EGU22-7386, updated on 28 Mar 2022
https://doi.org/10.5194/egusphere-egu22-7386
EGU General Assembly 2022
© Author(s) 2022. This work is distributed under
the Creative Commons Attribution 4.0 License.

Developing Novel Geophysical Tools to Investigate Urban Vegetated Soil Moisture Dynamics

Narryn Thaman1, Ross Stirling2, and Jonathan E. Chambers3
Narryn Thaman et al.
  • 1School of Engineering, Newcastle University, Newcastle-upon-Tyne, United Kingdom (n.thaman2@newcastle.ac.uk)
  • 2School of Engineering, Newcastle University, Newcastle-upon-Tyne, United Kingdom (Ross.Stirling@newcastle.ac.uk)
  • 3British Geological Survey, Nottingham, United Kingdom (jecha@bgs.ac.uk)

Vegetation is an important tool for managing urban surface water and shallow geotechnical assets. However, root water uptake driven changes in slope hydrology (soil water content, matric suction, and hydraulic conductivity) are poorly understood in heterogeneous soils and under extreme climatic conditions. Slope stability is affected by intrinsic factors, including geometry, soil properties, groundwater and vegetation driven matric suction. Field evidence indicates that engineered slopes are susceptible to hydrometeorological slope instability mechanisms and that these pose a potential failure hazard to asset operation and public safety. The UK hosts 15,800 km of railway network and 7100 km of strategic road network, accounting for 49,000 slopes. This is a significant portfolio of slopes that must be managed and maintained at considerable expense.

To better understand the influence of vegetation on soil water dynamics in geotechnical infrastructure, Electrical Resistivity Tomography (ERT) is being used. ERT is a non-invasive tool for measuring and imaging subsurface soil moisture dynamics volumetrically. ERT can be used to quantitatively establish how the presence of roots influences transient soil moisture content and suction to assess the effectiveness of vegetation in managing slope hydrology and excess surface water issues in the built environment. This research aims to use 4-D ERT to determine the impact of vegetation on the hydrological behaviour of a high plasticity clay derived sub-soil used in the construction of infrastructure slopes in the southern half of the UK. Laboratory-scale experiments are underway at the UK National Green Infrastructure Facility, Newcastle, using a controlled environment chamber. A suite of soil columns is planted with vegetation, False Oat Grass (Arrhenatherum elatius) and Common Bent (Agrostis capillaris) and feature a 3D ERT electrode array and point sensors for measurement of volumetric water content, matric suction, and electrical conductivity throughout the profile. Through frequent imaging of soil-water-plant interactions and correlation with destructive root architecture imaging, this research aims to highlight how these relationships change over time and respond to extreme weather conditions (drought/inundation) to better predict, manage, and mitigate the occurrence of slope failure. Furthermore, the work aims to improve understanding of vegetation-driven soil moisture movement in the near-surface to better assess seasonal and longer-term slope stability to inform asset management strategies.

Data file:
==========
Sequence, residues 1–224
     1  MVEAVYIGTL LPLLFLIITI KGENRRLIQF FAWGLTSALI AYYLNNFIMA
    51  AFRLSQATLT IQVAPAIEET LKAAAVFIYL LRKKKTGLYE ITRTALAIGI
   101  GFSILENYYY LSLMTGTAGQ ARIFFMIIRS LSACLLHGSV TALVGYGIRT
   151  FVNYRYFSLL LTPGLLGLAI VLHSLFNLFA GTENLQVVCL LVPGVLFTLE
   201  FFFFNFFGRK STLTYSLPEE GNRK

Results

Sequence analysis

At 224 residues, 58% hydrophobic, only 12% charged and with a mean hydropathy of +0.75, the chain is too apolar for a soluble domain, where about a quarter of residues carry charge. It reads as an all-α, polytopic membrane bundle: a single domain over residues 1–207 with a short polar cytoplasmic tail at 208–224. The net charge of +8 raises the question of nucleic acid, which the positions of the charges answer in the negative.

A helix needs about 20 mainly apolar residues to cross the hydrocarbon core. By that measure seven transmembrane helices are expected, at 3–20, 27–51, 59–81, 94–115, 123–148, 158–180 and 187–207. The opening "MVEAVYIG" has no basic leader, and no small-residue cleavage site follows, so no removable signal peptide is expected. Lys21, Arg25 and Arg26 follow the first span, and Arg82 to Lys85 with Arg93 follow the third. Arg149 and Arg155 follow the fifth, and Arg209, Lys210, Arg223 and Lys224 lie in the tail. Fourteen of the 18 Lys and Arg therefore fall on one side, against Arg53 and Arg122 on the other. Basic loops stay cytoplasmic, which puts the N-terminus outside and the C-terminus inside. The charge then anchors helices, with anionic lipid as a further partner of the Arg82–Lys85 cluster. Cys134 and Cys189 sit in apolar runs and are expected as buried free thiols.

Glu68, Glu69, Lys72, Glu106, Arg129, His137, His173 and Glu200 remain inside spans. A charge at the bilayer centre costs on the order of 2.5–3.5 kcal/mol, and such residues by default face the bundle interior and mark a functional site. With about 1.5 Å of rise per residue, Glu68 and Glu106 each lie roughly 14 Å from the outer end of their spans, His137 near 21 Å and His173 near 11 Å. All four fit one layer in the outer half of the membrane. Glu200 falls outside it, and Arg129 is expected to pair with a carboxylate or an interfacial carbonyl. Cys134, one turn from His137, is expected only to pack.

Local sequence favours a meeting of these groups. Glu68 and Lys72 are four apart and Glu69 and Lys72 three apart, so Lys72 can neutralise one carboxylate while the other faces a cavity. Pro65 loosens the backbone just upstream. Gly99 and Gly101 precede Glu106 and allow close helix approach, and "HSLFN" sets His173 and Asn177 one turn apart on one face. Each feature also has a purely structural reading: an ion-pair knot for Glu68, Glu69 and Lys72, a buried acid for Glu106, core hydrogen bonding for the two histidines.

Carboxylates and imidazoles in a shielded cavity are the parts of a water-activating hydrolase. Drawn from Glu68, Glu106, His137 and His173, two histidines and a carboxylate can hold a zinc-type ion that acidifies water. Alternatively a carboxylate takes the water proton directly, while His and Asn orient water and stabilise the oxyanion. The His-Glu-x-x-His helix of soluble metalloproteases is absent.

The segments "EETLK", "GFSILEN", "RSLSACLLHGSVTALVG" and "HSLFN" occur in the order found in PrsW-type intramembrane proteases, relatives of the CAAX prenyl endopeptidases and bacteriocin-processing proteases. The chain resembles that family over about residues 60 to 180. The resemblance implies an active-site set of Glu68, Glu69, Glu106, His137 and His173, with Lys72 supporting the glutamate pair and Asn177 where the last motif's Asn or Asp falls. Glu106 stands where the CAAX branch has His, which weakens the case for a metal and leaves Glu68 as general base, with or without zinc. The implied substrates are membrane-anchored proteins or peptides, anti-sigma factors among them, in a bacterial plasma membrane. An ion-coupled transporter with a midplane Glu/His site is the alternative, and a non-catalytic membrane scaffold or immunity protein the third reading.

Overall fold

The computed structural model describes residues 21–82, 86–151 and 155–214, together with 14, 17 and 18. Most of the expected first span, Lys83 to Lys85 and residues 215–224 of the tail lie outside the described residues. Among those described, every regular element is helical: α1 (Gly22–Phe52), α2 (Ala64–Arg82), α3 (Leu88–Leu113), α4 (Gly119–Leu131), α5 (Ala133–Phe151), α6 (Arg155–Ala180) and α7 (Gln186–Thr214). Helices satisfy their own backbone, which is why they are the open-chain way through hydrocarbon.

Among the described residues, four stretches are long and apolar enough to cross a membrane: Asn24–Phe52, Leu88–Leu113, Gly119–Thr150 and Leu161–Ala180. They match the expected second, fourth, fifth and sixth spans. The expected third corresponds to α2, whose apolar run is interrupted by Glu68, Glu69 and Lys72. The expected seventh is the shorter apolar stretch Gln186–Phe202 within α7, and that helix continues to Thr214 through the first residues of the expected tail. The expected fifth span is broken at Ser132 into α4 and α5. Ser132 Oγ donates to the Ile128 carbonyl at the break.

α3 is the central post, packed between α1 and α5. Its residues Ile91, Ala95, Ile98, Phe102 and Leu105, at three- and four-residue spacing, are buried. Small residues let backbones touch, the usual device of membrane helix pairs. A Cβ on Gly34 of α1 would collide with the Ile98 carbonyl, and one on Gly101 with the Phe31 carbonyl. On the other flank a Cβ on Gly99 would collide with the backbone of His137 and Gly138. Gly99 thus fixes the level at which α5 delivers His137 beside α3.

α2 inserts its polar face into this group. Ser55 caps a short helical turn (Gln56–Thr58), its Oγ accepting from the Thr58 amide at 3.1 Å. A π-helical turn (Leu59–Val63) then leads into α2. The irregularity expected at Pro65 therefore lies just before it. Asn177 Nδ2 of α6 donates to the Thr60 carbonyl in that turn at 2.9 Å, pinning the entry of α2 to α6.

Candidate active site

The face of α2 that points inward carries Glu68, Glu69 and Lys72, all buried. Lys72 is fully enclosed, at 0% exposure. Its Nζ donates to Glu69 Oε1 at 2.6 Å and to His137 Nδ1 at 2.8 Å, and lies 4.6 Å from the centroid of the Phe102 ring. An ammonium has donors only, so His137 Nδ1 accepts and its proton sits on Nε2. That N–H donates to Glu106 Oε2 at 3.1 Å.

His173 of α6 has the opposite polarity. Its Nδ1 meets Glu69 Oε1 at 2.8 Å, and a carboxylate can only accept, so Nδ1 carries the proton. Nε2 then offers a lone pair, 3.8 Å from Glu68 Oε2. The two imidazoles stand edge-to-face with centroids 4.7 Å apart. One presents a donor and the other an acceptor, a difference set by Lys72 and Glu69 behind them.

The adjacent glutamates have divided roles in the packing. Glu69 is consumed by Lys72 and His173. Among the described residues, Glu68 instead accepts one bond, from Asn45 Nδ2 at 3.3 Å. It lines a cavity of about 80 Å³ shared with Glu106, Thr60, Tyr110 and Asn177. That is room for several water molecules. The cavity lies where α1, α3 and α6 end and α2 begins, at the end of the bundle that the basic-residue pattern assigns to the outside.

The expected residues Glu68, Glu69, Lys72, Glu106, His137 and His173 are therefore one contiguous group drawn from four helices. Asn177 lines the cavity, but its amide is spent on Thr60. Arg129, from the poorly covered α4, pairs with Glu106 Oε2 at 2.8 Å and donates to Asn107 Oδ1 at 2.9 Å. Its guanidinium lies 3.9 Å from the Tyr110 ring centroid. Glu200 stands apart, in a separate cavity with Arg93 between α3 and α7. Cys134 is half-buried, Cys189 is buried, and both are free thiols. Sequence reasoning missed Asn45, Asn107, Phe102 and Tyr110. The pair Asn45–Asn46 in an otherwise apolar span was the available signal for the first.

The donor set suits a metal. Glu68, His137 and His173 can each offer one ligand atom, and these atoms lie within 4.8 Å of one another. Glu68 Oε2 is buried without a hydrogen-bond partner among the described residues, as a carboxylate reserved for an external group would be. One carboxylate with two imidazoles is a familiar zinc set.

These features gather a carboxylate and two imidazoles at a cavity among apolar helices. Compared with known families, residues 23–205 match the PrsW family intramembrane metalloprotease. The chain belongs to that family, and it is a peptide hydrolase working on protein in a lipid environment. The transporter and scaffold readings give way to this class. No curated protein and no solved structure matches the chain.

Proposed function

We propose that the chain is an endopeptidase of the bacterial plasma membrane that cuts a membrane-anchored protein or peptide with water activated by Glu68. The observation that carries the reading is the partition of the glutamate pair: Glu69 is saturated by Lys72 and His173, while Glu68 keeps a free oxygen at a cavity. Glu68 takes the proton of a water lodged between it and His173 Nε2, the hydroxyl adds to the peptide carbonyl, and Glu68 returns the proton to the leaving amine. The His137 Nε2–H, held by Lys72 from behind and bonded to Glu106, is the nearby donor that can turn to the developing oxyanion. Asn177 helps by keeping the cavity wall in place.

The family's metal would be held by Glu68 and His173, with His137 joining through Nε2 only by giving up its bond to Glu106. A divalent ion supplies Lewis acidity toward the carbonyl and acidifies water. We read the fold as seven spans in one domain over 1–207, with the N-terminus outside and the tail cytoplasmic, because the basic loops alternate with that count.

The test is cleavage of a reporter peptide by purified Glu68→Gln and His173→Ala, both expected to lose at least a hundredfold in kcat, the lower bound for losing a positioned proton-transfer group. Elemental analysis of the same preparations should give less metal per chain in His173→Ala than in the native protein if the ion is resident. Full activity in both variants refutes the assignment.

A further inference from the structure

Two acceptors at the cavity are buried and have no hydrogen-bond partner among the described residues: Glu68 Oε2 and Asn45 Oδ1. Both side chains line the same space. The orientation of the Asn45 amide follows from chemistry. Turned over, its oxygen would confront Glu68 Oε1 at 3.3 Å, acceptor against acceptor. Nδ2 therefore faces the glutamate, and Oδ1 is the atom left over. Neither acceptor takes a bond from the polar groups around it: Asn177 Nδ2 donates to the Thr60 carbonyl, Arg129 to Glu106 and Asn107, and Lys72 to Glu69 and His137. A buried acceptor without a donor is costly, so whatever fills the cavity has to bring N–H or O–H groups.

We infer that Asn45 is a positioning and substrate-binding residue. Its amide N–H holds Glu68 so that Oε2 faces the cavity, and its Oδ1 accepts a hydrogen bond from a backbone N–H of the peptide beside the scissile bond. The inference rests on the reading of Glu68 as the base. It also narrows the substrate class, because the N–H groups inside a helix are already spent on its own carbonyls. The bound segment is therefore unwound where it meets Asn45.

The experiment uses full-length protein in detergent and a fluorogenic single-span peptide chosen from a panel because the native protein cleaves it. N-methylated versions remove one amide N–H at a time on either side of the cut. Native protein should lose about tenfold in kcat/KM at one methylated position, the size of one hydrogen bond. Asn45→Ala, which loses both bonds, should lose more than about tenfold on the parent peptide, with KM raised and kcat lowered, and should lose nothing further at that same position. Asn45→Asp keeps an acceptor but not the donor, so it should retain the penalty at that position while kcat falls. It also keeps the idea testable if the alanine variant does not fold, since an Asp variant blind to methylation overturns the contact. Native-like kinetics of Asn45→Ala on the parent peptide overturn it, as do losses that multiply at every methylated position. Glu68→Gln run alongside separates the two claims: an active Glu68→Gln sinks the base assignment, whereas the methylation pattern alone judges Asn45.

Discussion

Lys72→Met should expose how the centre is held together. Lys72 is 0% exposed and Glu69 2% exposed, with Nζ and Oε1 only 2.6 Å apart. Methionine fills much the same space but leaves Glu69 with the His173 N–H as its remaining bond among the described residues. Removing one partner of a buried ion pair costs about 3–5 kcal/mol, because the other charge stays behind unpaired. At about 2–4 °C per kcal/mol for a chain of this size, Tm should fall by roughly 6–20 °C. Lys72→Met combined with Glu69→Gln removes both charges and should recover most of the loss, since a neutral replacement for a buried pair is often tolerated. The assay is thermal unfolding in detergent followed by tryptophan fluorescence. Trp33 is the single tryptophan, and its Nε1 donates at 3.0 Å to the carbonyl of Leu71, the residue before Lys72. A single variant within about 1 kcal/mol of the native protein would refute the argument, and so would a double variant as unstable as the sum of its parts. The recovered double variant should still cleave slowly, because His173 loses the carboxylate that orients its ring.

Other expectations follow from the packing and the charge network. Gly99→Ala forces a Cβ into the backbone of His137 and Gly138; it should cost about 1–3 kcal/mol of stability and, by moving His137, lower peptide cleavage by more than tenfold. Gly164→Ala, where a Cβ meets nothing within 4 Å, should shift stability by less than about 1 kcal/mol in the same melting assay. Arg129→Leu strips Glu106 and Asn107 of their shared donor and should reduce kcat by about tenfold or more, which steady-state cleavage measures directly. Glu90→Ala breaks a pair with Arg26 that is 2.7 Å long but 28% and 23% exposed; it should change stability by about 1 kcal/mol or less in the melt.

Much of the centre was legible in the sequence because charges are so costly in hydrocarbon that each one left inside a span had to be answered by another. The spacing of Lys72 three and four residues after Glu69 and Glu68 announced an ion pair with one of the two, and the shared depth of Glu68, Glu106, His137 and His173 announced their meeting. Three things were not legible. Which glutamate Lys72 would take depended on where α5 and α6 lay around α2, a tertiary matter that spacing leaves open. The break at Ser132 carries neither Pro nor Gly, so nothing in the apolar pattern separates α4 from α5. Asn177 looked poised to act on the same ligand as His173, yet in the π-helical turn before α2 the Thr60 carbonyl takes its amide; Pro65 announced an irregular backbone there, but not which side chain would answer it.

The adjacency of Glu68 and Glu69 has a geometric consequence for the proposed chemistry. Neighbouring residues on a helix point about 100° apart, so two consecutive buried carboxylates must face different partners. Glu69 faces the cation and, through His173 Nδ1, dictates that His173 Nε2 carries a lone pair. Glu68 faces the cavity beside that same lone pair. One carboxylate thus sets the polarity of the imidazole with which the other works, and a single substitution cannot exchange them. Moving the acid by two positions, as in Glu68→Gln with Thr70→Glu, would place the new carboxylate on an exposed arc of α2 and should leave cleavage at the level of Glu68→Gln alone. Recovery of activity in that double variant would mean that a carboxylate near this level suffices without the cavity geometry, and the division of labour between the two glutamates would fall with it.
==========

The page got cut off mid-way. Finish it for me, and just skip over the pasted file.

How to cite: Thaman, N., Stirling, R., and Chambers, J. E.: Developing Novel Geophysical Tools to Investigate Urban Vegetated Soil Moisture Dynamics, EGU General Assembly 2022, Vienna, Austria, 23–27 May 2022, EGU22-7386, https://doi.org/10.5194/egusphere-egu22-7386, 2022.

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